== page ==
#define BDELAY   .004   /* broadcast delay (s) */

   /*
   * Dispatch codes
   */
   #define ERR   -1   /* error */
   #define DSCRD   0   /* discard packet */
   #define PROC   1   /* process packet */
   #define BCST   2   /* broadcast packet */
   #define FXMIT   3   /* client packet */
   #define NEWPS   4   /* new symmetric passive client */
   #define NEWBC   5   /* new broadcast client */

   /*
   * Dispatch matrix
   *   active passv client server bcast */
   int table[7][5] = {
   /* nopeer    */{ NEWPS, DSCRD, FXMIT, DSCRD, NEWBC },
   /* active    */{ PROC, PROC, DSCRD, DSCRD, DSCRD },
   /* passv    */{ PROC, ERR, DSCRD, DSCRD, DSCRD },
   /* client    */{ DSCRD, DSCRD, DSCRD, PROC, DSCRD },
   /* server    */{ DSCRD, DSCRD, DSCRD, DSCRD, DSCRD },



Burbank, et al.          Expires April 26, 2007                [Page 80]

Internet-Draft  NTPv4 Reference and Implementation Guide    October 2006


   /* bcast    */{ DSCRD, DSCRD, DSCRD, DSCRD, DSCRD },
   /* bclient */{ DSCRD, DSCRD, DSCRD, DSCRD, PROC}
   };

   /*
   * Miscellaneous macroni
   *
   * This macro defines the authentication state. If x is 0,
   * authentication is optional, othewise it is required.
   */
   #define AUTH(x, y)((x) ? (y) == A_OK : (y) == A_OK || \
      (y) == A_NONE)

   /*
   * These are used by the clear() routine
   */
   #define BEGIN_CLEAR(p)   ((char *)&((p)->begin_clear))
   #define END_CLEAR(p)   ((char *)&((p)->end_clear))
   #define LEN_CLEAR (END_CLEAR ((struct p *)0) - \
      BEGIN_CLEAR((struct p *)0))
   A.5.1 receive()

   /*
   * receive() - receive packet and decode modes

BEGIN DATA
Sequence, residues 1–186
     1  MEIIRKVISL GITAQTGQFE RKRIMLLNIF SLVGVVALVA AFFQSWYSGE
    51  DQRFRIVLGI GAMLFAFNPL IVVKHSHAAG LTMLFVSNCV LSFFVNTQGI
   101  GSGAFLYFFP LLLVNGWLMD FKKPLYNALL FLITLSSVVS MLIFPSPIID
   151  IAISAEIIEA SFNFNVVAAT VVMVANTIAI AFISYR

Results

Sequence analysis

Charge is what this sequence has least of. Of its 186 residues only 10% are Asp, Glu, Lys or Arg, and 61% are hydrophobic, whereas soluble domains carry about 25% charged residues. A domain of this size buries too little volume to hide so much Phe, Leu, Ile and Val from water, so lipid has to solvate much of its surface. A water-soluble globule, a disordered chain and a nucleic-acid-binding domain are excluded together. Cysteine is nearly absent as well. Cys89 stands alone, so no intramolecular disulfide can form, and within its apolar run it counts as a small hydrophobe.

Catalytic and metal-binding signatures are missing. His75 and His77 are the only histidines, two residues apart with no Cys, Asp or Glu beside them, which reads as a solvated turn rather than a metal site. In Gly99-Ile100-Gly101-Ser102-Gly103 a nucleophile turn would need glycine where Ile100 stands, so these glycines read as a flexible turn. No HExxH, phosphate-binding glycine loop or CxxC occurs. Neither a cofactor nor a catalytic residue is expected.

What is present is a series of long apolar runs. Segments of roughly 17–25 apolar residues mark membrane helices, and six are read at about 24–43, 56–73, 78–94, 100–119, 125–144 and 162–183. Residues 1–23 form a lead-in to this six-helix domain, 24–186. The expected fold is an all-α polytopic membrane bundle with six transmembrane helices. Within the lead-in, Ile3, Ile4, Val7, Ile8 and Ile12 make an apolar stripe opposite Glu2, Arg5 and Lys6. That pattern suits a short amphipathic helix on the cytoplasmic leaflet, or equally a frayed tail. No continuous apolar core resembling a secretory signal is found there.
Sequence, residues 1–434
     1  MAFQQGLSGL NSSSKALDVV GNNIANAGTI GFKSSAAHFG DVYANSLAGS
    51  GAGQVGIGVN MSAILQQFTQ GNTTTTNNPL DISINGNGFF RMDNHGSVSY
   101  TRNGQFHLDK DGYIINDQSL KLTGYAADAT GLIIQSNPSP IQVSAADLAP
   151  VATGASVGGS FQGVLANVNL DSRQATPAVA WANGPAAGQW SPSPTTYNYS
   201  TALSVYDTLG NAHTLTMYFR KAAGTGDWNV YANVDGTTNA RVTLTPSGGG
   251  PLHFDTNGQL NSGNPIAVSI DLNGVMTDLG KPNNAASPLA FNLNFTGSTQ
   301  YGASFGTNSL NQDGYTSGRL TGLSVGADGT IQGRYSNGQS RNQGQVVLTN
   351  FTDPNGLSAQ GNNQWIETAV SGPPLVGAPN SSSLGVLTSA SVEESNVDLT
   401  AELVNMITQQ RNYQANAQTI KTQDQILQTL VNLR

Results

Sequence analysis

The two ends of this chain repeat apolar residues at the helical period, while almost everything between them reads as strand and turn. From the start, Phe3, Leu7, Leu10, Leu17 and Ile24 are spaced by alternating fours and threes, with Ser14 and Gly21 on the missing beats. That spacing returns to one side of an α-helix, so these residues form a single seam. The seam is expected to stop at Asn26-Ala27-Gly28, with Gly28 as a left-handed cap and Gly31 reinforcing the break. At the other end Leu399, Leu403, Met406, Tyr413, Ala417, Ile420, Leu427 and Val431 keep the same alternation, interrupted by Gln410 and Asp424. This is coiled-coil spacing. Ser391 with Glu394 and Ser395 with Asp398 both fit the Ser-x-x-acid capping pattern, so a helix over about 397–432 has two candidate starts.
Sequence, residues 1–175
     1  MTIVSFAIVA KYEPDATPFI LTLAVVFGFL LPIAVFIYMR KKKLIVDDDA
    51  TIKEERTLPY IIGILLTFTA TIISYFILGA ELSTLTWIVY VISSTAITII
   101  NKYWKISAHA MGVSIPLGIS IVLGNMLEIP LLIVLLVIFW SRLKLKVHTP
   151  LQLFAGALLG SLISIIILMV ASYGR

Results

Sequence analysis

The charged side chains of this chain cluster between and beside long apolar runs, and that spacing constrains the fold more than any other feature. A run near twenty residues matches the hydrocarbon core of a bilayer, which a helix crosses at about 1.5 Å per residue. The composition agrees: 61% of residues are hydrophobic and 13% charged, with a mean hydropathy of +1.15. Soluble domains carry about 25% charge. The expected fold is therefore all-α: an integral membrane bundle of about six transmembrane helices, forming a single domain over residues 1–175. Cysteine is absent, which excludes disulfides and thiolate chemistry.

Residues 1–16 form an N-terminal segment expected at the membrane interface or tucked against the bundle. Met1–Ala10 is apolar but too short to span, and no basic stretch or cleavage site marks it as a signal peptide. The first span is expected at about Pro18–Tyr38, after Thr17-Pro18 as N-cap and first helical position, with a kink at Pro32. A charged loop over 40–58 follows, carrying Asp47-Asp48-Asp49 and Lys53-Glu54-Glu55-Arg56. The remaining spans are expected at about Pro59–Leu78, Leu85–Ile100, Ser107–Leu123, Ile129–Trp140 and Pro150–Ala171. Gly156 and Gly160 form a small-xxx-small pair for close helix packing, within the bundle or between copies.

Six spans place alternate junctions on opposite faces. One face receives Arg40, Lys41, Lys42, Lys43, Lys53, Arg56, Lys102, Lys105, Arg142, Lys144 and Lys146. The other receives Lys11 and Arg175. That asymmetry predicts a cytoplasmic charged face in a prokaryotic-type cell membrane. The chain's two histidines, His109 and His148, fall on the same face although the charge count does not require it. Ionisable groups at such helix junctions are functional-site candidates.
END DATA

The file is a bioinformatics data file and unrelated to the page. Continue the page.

*/
   void
   receive(
   struct r *r   /* receive packet pointer */
   )
   {
   struct p *p;   /* peer structure pointer
   int   auth;   /* authentication code */
   int   has_mac;   /* size of MAC */
   int   synch;   /* synchronized switch */
   int   auth;   /* authentication code */

   /*
   * Check access control lists. The intent here is to implement a
   * whitelist of those IP addresses specifically accepted and/or
   * a blacklist of those IP addresses specifically rejected.
   * There could be different lists for authenticated clients and
   * unauthenticated clients.
   */
   if (!access(r))
   return;   /* access denied */

   /*
   * The version must not be in the future. Format checks include



Burbank, et al.          Expires April 26, 2007                [Page 81]

Internet-Draft  NTPv4 Reference and Implementation Guide    October 2006


   * packet length, MAC length and extension field lengths, if
   * present.
   */
   if (r->version > VERSION /* or format error */)
   return;   /* format error */

   /*
   * Authentication is conditioned by two switches which can be
   * specified on a per-client basis.
   *
   * P_NOPEER   do not mobilize an association unless
   *   authenticated
   * P_NOTRUST   do not allow access unless authenticated
   *   (implies P_NOPEER)*
   * There are four outcomes:
   *
   * A_NONE the packet has no MAC
   * A_OK   the packet has a MAC and authentication
   *   succeeds
   * A_ERROR   the packet has a MAC and authentication fails
   * A_CRYPTO   crypto-NAK. the MAC has four octets only.
   *